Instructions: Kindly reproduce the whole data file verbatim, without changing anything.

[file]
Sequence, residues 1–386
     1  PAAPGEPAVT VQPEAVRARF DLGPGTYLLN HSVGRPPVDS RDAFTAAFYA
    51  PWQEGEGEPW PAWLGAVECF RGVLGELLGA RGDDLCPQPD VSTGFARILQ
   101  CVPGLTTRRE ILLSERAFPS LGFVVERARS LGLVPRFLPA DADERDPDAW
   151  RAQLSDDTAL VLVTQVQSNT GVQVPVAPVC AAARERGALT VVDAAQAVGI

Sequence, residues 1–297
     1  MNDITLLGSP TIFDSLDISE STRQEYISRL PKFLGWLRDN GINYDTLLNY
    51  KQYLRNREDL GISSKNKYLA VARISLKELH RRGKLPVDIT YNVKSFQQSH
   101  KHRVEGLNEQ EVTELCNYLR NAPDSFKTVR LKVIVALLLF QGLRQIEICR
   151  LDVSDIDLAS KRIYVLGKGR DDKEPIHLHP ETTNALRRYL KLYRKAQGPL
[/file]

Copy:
Sequence, residues 1–386
     1  PAAPGEPAVT VQPEAVRARF DLGPGTYLLN HSVGRPPVDS RDAFTAAFYA
    51  PWQEGEGEPW PAWLGAVECF RGVLGELLGA RGDDLCPQPD VSTGFARILQ
   101  CVPGLTTRRE ILLSERAFPS LGFVVERARS LGLVPRFLPA DADERDPDAW
   151  RAQLSDDTAL VLVTQVQSNT GVQVPVAPVC AAARERGALT VVDAAQAVGI

Sequence, residues 1–297
     1  MNDITLLGSP TIFDSLDISE STRQEYISRL PKFLGWLRDN GINYDTLLNY
    51  KQYLRNREDL GISSKNKYLA VARISLKELH RRGKLPVDIT YNVKSFQQSH
   101  KHRVEGLNEQ EVTELCNYLR NAPDSFKTVR LKVIVALLLF QGLRQIEICR
   151  LDVSDIDLAS KRIYVLGKGR DDKEPIHLHP ETTNALRRYL KLYRKAQGPL